Thursday 10 February 2022

Where does evil come from? A simple answer is needed

"Where does evil come from" is a simple question, and an obvious question! 

Christians ought to be able to answer the question, in the same simple and obvious terms it is stated - without recourse to vast, complex and soaring abstractions - and would-be-profound discourse on the nature of 'infinities'! 

And answered without recourse to statements that "Men cannot know", such things - or that they are divine-mysteries... 

Why? Because the question is obvious, reasonable, real, serious; and therefore will (deservedly!) block conversion unless answerable in the same terms it has been asked.  

The basis of the question is that there are obviously evils in this world; and Christians also know that God - the creator of this world - is Good: So where do these evils comes from?

The proper answer - the answer demanded and deserved - should be short, concrete and to the point; or else it is not a real answer 

...and will be recognized by most people as not a real answer. 

If God is supposed to have created everything except Himself (i.e. if God is an Omni-God) and is also supposed be wholly Good (i.e. if the real Christian God was also the Omni-God) - then where does evil come from? 

It's a valid question. And there is no coherent answer: If God is Omni then he cannot be wholly Good, and if wholly Good then he cannot be Omni. 

A Christian God and Omni-qualities are incompatible

And this incompatibility has always been obvious to most people in the world; including, I would guess, many Christians.

One attempt at arguing the compatibility of Omni-God and Christianity is to insist that evil and Good are actually, ultimately, the same and indistinguishable aspects of God's will - that both apparent-Good and apparent-evil come from God; and it is only our erring, limited human minds who cannot see this oneness.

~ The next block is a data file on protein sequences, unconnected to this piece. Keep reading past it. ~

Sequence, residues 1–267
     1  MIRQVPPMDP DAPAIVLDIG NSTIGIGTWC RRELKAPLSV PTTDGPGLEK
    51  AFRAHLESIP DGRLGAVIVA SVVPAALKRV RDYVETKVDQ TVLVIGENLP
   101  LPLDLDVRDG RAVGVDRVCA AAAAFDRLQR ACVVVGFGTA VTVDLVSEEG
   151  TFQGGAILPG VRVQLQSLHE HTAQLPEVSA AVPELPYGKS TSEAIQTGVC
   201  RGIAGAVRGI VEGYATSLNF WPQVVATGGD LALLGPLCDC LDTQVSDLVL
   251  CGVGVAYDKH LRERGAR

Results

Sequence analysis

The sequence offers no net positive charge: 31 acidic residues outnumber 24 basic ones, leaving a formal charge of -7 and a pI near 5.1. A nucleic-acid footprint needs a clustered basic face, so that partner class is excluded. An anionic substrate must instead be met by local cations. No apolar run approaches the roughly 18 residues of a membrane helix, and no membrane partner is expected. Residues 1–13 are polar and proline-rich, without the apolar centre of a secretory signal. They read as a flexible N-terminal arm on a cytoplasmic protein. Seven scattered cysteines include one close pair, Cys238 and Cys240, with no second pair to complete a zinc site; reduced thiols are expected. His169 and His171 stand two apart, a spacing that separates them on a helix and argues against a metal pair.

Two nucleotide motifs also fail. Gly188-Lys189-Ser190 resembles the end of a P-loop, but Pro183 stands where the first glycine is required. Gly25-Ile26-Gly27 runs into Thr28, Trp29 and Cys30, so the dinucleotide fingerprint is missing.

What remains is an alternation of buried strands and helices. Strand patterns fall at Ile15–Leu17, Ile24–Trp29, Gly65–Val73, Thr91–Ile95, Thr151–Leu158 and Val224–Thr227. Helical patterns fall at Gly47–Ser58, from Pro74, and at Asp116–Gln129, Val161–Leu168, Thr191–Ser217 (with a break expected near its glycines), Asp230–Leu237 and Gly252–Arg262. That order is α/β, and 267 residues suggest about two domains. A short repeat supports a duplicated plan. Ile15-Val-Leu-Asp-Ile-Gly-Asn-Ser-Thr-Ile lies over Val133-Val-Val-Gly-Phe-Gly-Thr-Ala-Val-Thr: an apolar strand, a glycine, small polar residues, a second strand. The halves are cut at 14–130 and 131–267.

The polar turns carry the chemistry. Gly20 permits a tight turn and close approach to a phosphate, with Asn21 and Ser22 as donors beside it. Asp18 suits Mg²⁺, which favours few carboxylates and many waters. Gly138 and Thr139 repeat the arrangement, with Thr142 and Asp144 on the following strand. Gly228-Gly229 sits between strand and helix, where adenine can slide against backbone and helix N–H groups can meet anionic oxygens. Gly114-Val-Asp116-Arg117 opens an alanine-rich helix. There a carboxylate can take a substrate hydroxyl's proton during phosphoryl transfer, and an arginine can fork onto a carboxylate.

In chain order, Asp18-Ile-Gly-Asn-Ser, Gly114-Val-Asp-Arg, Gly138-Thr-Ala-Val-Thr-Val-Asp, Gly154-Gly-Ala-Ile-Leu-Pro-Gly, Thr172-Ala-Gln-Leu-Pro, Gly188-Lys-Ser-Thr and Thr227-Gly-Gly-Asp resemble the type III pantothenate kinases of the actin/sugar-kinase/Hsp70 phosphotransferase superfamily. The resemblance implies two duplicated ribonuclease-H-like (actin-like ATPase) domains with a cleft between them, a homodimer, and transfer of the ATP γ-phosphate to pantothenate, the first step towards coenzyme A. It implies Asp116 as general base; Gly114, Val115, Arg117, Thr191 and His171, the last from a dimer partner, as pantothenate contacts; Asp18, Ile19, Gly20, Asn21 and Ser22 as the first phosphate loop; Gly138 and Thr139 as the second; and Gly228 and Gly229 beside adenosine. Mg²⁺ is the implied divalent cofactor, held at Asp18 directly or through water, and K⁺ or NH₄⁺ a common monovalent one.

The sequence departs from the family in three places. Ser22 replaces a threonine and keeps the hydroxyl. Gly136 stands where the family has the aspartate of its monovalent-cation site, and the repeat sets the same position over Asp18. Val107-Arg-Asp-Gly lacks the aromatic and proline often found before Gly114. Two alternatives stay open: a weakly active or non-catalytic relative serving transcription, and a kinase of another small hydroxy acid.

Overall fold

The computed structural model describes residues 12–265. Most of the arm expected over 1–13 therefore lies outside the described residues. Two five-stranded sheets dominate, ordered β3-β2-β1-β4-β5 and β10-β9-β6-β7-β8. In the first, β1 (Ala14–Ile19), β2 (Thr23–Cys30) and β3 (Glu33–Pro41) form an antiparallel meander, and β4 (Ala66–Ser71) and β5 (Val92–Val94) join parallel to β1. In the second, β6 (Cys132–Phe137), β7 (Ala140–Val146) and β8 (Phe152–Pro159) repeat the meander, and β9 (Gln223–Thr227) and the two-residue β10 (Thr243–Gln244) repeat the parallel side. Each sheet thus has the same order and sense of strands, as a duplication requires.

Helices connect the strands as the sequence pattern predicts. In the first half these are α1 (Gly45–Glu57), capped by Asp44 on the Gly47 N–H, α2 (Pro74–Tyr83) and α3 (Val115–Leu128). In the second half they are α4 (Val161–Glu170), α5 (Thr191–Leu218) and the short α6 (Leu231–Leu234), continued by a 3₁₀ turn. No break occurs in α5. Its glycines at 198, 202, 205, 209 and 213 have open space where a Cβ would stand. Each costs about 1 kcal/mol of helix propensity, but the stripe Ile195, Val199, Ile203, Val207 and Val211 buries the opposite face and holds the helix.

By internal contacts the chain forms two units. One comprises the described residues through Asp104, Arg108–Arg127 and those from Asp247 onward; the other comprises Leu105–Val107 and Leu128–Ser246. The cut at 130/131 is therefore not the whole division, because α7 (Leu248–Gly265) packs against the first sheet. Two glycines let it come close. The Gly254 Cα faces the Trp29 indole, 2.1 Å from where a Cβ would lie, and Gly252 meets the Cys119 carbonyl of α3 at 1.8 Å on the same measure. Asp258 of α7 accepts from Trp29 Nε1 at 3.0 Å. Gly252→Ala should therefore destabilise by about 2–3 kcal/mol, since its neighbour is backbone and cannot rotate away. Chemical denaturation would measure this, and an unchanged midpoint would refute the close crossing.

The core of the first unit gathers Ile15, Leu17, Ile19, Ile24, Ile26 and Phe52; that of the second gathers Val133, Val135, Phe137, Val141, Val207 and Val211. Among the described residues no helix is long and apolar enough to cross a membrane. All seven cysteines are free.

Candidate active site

Indeed, taken one at a time - any proposed evil can be reframed as potentially an aspect of Good - in some larger sense.

However, even though individual instances of putative evil can be put-in-doubt, to insist on the oneness, inseparability of Good and evil-as-such is Not to be a Christian. If there is no evil, no 'sin' - if all is an equal expression of oneness - then there is no point to Christianity. 

So that kind of argument does not work. 

If evil is really-real, and God is really Omni - then evil must come from God, evil must be located-in God, ultimately. 

The usual Omni-God answer is that God gave some creatures - including Men - agency, or free will; so that Men can choose to oppose God and creation. 

Okay - but where does that motivation to oppose God and creation come from? 

If every Man was wholly-made by God (as the Omni-God concept insists); then - even if agency-within-omnipotence was granted - where does the motivation to evil come-from? It has to come from God, ultimately, because (with an Omni-God) there is nowhere else for motivation to come-from. 

In more general terms, all evil motivations, indeed the whole possibility-of-evil, would need to be baked-into the created world by the Omni-God - because the Omni-God ultimately created every-thing. 

Evil is best understand as opposition to God and to God's creation... So how can there be opposition to God and creation from some being who is created by God?  

One answer is to regard evil as a kind of insanity: something that doesn't make sense. 

For instance, Satan is described in terms of knowing that he was created-by God, but (for some crazy reason!) hating and resenting this fact; and therefore hating himself - along with the whole of creation.

Okay - but where did such insanity originate - if not the Omni-God Himself? 

How was it possible that one of God's creatures could develop this kind of pathology of insane self-hatred, resentment - pride? The only ultimate answer is that God-made-him-that-way - because, with Omni-God, that is eventually the answer to all questions...